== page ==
Film Festival Review

Review: Farewell Amor (Dir. Ekwa Msangi, 2020)

LFF 2020

The Civil War in Angola waged from 1975-2002. Despite several attempts at peace agreements and ceasefires, all collapsed amid decades of genocide and ethnic cleansing. With an estimated 800,000 dead and 13,000,000 internally displaced, some 435,000 were able to flee the country altogether and become refugees abroad.

Ekwa Msangi’s affecting Farewell Amor opens with an airport pick-up. Walter (Ntare Guma Mbaho Mwine) is standing in arrivals meeting his wife Esther (Zainab Jah) and teenage daughter Sylvia (Jayme Lawson). The US reunification process has finally brought this family back together after seventeen long years apart. Esther and Sylvia were exiled to Tanzania while Walter has lived in New York driving a cab to make ends meet. Together, they must rebuild their family and attempt to settle, get to know each other again – or in the case of father and daughter for the first time – all in a one bedroom apartment and, for Esther and Sylvia, in a strange city.

Msangi chooses to use a Rashōmon-style of storytelling splitting her film into three sections, depicting each point-of-view. Each chapter is named for each character, giving them narrative agency over their own story, with the first meeting at the airport as the jumping-off point. We are party to their individual journeys as they come to terms with living in a strange land and as a Black person walking the streets in the US – the conversation Walter has with Sylvia about how people react to their skin colour is disheartening but also all too realistic – and provides insight into the types of secrets all families have for their individual and collective survival.

Esther has sought comfort, almost fanatically so, in her religion. Even for a good and loyal man like Walter, seventeen years is an eternity and he had found his in a nurse named Linda who has had to move out, move on and make way for Esther. Sylvia is the one with a future ahead of her and the one this has been the biggest upheaval for. She wants to dance despite her mother’s expectations of medical school, and enters a competition to win $1000 prize. It is Sylvia’s chapter that is the strongest and most impactful, making the absolute best of Osei Essad’s wonderfully evocative score and soundtrack.

Farewell Amor is a stunning first film. It runs with heavy themes amid the soul-searching (and often destroying) difficulties that comes with immigration, emigration and life as a refugee, but with no bombast or self-aggrandising statements. This is a story about honouring the past but placing importance on creating a future. It is redolent in its musicality and vibrancy of colour which is often integral to the culture it depicts yet it takes little to see ourselves in any one of those three gorgeous central performances. Ekwa Masangi has created an urgent and gentle drama – that still packs a punch – about struggle, fight, resilience and love; a sense of belonging and, above all else, family, made all the more poignant by the type of year many have experienced.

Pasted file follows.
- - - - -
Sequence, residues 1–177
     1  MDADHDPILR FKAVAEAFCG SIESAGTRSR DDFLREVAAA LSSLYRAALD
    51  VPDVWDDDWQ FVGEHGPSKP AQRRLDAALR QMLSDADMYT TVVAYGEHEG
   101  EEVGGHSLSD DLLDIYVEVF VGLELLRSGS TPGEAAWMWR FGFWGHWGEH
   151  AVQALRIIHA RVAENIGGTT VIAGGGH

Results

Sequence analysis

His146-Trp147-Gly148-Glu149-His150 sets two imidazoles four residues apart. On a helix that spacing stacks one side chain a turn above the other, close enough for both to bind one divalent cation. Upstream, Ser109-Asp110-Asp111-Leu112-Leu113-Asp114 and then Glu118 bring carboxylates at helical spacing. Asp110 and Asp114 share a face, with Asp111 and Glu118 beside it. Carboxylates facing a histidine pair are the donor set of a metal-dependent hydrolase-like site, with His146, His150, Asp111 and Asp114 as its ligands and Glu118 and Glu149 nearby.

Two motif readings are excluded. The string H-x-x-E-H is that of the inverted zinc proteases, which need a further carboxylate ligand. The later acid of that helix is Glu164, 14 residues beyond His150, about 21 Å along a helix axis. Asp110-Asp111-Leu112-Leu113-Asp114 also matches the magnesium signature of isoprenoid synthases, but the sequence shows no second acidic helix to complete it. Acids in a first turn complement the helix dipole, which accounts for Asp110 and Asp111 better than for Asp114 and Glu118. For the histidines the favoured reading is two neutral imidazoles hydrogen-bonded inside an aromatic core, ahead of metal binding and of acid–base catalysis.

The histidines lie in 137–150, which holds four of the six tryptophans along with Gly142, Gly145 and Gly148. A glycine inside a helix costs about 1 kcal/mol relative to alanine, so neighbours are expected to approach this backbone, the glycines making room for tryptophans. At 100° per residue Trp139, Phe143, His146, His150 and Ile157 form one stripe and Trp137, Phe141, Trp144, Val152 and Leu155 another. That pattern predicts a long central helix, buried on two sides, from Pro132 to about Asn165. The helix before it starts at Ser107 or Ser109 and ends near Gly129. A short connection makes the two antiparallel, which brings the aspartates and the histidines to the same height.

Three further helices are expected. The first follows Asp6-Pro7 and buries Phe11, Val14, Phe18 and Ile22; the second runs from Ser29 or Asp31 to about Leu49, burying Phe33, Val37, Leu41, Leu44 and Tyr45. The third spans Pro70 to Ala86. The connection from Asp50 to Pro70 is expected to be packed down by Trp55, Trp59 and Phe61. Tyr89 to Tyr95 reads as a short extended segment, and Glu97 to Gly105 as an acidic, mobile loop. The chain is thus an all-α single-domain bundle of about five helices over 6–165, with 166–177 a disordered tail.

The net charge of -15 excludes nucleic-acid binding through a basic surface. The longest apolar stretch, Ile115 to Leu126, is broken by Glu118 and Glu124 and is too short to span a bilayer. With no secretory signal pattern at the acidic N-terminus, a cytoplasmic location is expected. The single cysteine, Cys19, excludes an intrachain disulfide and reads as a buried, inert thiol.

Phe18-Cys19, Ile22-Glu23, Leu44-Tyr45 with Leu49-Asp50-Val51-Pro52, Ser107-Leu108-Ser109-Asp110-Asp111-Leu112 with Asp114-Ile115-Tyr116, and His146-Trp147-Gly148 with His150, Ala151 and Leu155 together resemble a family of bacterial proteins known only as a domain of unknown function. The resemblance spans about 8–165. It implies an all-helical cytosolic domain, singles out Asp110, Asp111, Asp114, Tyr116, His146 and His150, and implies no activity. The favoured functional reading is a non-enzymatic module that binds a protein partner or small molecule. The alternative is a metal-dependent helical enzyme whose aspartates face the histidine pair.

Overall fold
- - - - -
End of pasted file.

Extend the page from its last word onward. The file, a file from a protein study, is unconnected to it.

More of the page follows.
Farewell Amor is currently available to stream on MUBI

Film Festival Review

Review: The Witch (Dir. Robert Eggers, 2015)

LFF 2015


Robert Eggers’ feature debut, The VVitch is a supremely confident and impressive piece of work. It knows exactly what it wants to be (is exactly what this viewer was hoping for) and after five years in the making why expect anything less. The research and production value is astounding given its low budget but then, Eggers is an ex-production and costume designer. There is a specificity and authenticity to his film – which recently won the Sutherland Award (Best First Feature) at the London Film Festival – and this verisimilitude lends itself well to the genre. Although obviously belonging to horror, at the heart of The VVitch is a psychological family drama. 

It is 1630 and Puritan William (Ralph Ineson), his wife Katherine (Kate Dickie) and their children Thomasin (Anya Taylor-Joy), Caleb (Harvey Scrimshaw) and twins Mercy (Ellie Grainger) and Jonas (Lucas Dawson) are banished from their settlement seemingly, one would assume, for religious fanaticism. They make a home in New England, on the edge of a wood and begin to tend the land, grow corn, keep goats and even welcome a new addition in the form of baby Samuel. Life can hardly be described as good but they have their God, faith, and each other. That is until the day Thomasin is playing peek-a-boo with her baby brother, moments later he disappears and the home descends into hysteria.

The film evokes resounding performances from children and adults alike. Ineson and Dickie are consistently outstanding but the family dynamic they purportedly created in pre-production is effecting and wholly convincing on-screen; making several scenes gut-wrenching as palpable tension rises and the isolated house – seemingly without sin (hubris, deceit, guilt, etc. do not appear to countナ) – loses its inhabitants one-by-one. It is a folkloric dream with its attention to detail and there are even references to a red cloak and poisoned apple long before they were recorded in any Grimm fairy tale.


While this is Eggers’ baby, he owes his composer Mark Korvan, his cinematographer Jarin Blaschke and editor Louise Ford a debt. Collectively; they earn your fear. Everything is stark, long shots for outdoor scenes, natural lighting wherever possible; close-ups and sharp editing as the audience intrudes upon the family’s dwelling. As a side note, how nobody has approached Ineson before for a horror film is a mystery with that resonating, cacophonous Northern growl he has.


The VVitch conjures on all counts with thematic, visual aesthetic, an actual witch (!) and Black Phillip making up for a slight plot. Non-Brits may struggle with the dialect but it is well worth the skirmish. It is gorgeous, grim and, by ‘eck, bewitching.